Hope and Healing Ministries reaches ‘crossroads’

Maria Bain, executive director of Hope and Healing Ministries, updates files on the post- abortion and post-sexual abuse healing ministry. (Photo by Anne Marie Amacher)

By Anne Marie Amacher

“Let us more and more insist on raising funds of love, of kindness, of understanding, of peace. Money will come if we seek first the Kingdom of God — the rest will be given.” – Blessed Mother Teresa

The dignity of person is what Hope and Healing Ministries strives to help restore for people who have experienced an abortion, sexual abuse, violence or other wound to the mind, body or soul.

Maria Bain, executive director and founder of the Davenport-based ministry, said the number of people seeking help and attending the ministry’s retreats is up, but finances aren’t keeping pace. “We are at a crossroads.”

In 2001 Pope John Paul II told the Missionaries of the Precious Blood “Your Congregation from the beginning understood the importance of the Lord’s words: Duc in altum! (“Set out in deep water,” Luke 5:40) … Go where others cannot or will not go and undertake missions which seem to hold little hope of success. I ask you to continue your efforts to build a civilization of life…”


Bain said, “This statement embodies Hope and Healing Ministries’ mission. It is our desire to go into the dark places of human pain and bring Christ’s light, hope and healing. We experience the Paschal Mystery where in dying we are born to eternal life. Each participant has faced the death of their soul, united their pain with Christ’s suffering and shared in his resurrection by being forgiven and starting over. It is our ultimate goal to build a civilization of life by reclaiming each person’s dignity.”

But this mission requires money. Because of funding shortfalls, Bain is the only paid staffer now.  In addition to organizing retreats, she also does speaking engagements.

Hope and Healing Ministries was founded in 2004 on a volunteer basis. The first retreat drew 15-20 participants. The next retreat drew 40. “I saw that this was going to be more than a part-time job,” Bain said.

The ministry began in the Diocese of Davenport as post-abortion healing before expanding to serve victims of sexual abuse and others. In 2006 Bain started Hope and Healing Ministries on a full-time basis. Because of funding constraints, it is no longer funded by the diocese.

Hope and Healing offers those wounded by abortion or abuse — many of whom turn to alcohol, drugs and eating disorders — to experience “the love of Christ and a chance to start over and share in his resurrection.”

The next retreat, called Rachel’s Vineyard Retreat, will be held Nov. 6-8 in Newton. It is open to women and men seeking spiritual and emotional healing, especially victims of abuse, sexual abuse, post-abortion and other crises.  What is shared at the retreats remains confidential.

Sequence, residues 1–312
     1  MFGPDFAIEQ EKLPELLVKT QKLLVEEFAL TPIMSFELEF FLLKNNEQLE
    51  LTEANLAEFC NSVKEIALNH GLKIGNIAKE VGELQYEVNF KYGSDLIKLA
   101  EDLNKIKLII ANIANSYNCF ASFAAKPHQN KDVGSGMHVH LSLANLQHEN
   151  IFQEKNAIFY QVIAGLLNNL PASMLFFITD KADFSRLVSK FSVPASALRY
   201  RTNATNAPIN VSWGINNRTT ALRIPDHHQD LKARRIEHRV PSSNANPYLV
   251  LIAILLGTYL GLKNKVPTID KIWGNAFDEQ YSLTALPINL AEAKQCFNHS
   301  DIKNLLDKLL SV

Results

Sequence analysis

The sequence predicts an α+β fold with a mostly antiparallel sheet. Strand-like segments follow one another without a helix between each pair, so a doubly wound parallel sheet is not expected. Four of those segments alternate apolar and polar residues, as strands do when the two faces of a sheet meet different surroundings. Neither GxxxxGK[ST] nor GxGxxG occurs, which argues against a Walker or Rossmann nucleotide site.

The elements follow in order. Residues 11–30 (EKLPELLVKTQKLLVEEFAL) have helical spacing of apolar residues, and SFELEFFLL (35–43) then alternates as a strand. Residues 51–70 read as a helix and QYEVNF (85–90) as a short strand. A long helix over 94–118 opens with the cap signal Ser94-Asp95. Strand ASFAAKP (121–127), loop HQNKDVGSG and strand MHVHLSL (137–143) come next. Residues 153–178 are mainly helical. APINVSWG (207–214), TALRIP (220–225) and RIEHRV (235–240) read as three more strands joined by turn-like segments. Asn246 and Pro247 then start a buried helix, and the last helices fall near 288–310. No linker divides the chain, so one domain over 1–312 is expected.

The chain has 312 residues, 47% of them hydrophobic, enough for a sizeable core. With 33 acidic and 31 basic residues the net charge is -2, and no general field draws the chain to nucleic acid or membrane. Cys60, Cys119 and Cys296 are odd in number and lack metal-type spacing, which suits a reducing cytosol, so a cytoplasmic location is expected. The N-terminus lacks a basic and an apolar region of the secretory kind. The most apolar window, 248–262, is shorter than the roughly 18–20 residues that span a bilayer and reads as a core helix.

Vicki Tyler, executive director of the Women’s Choice Center in Bettendorf, is a professional counselor who volunteers at several Rachel’s Vineyard retreats for Hope and Healing.

She and her husband, Todd, attended a Rachel’s Vineyard retreat four years ago to start their own healing journey after Vicki had an abortion decades ago.

“It is a powerful way for men and women to share their stories with one another and to know that they are not alone — that others have experienced similar things.”

Participants explore Scripture and engage in activities that promote healing, “letting go of the babies we have lost” and understanding “the love that Christ has for all of us no matter what we have done in our lives,” Tyler said. 

“Shame impacts self-worth, poisoning everything a person does or tries to accomplish,” she continued. “They have no self-confidence and cycles of unhealthy decision making continue to plague their lives. That is why so many women have multiple abortions.”

Dan and Daphne Davis attended a Rachel’s Vineyard Retreat to heal from the wounds of abortion. The couple was engaged when Daphne found out she was pregnant and had an abortion. They married, but neither talked about the abortion.

Daphne said she became depressed, had panic attacks and was on one anti-depressant after another. She started abusing alcohol to escape and had an affair. Dan saw his wife’s life falling apart. The couple eventually had two daughters, both of whom brought them joy. But their marriage continued to be rocky as she struggled with alcohol abuse and depression and both were unfaithful.

Feeling hurt, they started going to church and attended a marriage class and began working on rebuilding their marriage. Then they learned about Rachel’s Vineyard Retreat and decided to attend.

“The weekend was more than what we could have ever imagined,” Dan said. “There were other women hurting the same way my wife was. I thought I was OK with my decisions, but what I found was that I was hurting from the shame and guilt of abortion.”

“That weekend was incredible,” Daphne said. “I had no idea that I didn’t have to live in this silent hell. I finally put peace on this horrible act. We gave our child life and grieved its loss. We shed God’s light on the darkness in my heart.”

Since the retreat Daphne appreciates how Rachel’s Vineyard continues to communicate with the couple to make the healing process easier. “There is hope,” she said.

“Lay your guilt at the foot of the cross and start to live again,” Dan said.

Hope and Healing Ministries is seeking financial support and board members who can help market the ministry. Maria Bain, founder and director, encourages board members to attend a retreat to learn all about the mission of the ministry.

It is funded through private donations, speaking engagements and retreat fees.

Cost for a Rachel’s Vineyard Retreat is $300, with scholarships available.

For more information, contact Bain at (563) 322-1645, or by e-mail: hopeandhealingtoday@gmail.com.

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